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The best tool that you should have on your bench is a good scope. Having said that, the fluke scopemeters are very nice and the portable TDS series tektronix are very nice. Both are portable, digital, and expensive. You can get much more bandwidth at a reasonable price from an analog scope like a Tek 465B or something similar. Generally for digital electronics, you usually need a scope with much higher bandwidth than the expected bit rate. For example, a 10MHz square signal has many frequency components at multiples of the fundamental. Using a scope with too little bandwidth prevents you from seeing the edges (which sometimes have overshoot) and measuring parameters like the slew rate.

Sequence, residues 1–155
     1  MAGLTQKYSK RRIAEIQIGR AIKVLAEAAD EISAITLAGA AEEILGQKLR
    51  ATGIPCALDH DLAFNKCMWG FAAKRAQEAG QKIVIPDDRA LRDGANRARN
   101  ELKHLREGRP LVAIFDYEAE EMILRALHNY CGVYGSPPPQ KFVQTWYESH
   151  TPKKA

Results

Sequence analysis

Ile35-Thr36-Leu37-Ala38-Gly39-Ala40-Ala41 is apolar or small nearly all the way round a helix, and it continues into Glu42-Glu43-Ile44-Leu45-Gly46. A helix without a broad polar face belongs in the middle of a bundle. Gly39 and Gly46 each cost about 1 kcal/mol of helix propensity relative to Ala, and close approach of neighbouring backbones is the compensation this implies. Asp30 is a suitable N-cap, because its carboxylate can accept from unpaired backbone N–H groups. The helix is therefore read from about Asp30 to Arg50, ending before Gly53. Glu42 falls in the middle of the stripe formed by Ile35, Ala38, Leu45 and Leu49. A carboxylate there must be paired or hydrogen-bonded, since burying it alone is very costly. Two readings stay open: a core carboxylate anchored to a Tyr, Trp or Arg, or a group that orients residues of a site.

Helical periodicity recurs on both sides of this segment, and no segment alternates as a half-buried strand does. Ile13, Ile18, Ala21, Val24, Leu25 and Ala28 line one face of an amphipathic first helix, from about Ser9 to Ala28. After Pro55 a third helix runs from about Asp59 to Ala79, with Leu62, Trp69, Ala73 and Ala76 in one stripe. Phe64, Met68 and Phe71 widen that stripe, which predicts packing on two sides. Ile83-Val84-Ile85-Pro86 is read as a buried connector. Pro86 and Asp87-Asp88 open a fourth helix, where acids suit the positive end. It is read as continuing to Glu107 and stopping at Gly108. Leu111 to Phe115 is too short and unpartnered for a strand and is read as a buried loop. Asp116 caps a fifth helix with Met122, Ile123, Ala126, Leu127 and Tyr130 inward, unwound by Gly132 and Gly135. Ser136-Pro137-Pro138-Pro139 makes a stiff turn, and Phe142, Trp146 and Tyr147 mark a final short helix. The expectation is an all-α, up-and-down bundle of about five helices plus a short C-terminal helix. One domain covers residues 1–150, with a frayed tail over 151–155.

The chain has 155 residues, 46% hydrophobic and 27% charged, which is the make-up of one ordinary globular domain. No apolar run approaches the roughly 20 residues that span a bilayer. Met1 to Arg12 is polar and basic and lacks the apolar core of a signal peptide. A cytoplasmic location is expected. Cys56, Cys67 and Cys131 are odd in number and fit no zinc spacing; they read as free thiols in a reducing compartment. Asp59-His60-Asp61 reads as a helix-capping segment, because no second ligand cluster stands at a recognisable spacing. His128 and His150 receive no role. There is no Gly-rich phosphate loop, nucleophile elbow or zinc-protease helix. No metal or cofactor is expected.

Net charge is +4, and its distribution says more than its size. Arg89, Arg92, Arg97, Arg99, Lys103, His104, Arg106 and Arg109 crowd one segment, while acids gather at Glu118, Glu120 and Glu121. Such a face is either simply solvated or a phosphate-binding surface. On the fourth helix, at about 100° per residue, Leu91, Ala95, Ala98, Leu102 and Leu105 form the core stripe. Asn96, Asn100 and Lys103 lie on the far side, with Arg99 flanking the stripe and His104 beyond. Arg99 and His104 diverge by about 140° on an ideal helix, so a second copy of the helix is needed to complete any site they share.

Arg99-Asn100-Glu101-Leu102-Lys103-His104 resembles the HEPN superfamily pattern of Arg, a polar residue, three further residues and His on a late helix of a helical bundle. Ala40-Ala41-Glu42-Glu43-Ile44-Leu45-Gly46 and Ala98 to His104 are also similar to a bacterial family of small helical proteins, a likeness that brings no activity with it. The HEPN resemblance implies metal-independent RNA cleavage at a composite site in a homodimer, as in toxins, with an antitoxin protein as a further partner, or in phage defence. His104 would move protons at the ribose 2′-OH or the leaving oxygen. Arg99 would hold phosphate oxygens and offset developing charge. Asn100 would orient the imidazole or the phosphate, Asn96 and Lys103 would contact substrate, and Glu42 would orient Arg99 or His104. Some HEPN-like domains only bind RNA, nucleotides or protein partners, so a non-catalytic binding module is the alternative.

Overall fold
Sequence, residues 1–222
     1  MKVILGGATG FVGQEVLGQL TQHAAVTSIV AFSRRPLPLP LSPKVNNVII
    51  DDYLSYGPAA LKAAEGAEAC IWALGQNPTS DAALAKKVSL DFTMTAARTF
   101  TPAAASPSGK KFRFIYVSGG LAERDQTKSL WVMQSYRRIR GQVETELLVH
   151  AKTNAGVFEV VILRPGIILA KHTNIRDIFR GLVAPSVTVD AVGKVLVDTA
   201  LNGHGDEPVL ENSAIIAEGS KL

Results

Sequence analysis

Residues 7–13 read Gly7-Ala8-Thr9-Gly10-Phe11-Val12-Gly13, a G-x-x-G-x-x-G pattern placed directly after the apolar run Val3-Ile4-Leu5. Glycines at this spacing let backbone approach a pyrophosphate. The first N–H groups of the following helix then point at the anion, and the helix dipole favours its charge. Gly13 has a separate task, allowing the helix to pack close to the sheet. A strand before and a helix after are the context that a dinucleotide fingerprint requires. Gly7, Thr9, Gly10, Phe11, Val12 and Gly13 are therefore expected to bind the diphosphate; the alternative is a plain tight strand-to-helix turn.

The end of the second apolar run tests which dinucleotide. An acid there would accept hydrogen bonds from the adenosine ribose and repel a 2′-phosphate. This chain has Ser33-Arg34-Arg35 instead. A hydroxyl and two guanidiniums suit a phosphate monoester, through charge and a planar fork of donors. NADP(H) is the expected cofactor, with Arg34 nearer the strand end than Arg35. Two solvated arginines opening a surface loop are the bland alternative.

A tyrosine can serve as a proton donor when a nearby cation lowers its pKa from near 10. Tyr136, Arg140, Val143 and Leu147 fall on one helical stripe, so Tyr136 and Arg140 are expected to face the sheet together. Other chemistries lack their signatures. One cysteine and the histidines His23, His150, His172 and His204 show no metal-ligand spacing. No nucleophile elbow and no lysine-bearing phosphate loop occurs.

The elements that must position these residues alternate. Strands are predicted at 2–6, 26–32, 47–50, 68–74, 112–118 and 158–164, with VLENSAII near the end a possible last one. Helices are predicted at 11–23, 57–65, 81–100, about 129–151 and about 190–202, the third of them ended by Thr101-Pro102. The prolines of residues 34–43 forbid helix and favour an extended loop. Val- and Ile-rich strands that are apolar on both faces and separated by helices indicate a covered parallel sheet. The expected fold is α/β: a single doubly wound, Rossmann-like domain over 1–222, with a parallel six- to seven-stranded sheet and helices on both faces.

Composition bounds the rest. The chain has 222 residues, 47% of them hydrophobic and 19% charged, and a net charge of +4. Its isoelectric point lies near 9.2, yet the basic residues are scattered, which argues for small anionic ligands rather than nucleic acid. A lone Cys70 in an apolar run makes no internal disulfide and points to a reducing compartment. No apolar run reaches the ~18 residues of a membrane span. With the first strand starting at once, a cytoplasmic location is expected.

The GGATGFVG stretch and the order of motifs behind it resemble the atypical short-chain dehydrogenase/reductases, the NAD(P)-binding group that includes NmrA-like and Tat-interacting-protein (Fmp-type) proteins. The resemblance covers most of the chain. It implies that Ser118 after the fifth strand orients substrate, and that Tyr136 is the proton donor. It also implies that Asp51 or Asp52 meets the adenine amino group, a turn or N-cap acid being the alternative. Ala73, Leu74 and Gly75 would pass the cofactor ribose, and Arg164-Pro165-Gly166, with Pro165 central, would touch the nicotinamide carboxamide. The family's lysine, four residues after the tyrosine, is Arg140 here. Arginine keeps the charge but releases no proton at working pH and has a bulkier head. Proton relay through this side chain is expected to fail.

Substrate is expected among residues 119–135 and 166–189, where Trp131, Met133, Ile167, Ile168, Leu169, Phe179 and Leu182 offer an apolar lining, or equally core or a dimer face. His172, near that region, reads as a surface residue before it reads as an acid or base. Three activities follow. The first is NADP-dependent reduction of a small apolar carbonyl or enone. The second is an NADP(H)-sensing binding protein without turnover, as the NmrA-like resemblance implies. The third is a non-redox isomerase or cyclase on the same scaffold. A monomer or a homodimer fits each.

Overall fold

I like the TDS series Teks and the fluke scopemeter, and they both could handle your system. I am not familiar with any laptop type scopes at those frequencies. I think you will have the best results with perhaps a 100MHz BW analog scope in terms of price/performance. If storage capability is important, a digital scope is probably the best choice.
thanx for the input. I agree that a bench top is far better when it comes to taking measurments. The reason i want a laptop scope is for when im working in the field. i have to drag around my bulky laptop and my bulky toolbag and i thought it may save a little space using a laptop scope. pcmcia or usb. I really only need to see if im getting a signal out of my system. It doesnt really matter TO ME what the measurment is as long as it looks about right and i can read the peak to peak values. the wave im viewing is a very simple PCM wave. Price is not really an issue since the goverment is buying it for me but i have to be able to convince them that is worth the money. so 1,500 dollars is more reasonable than 3,000 dollars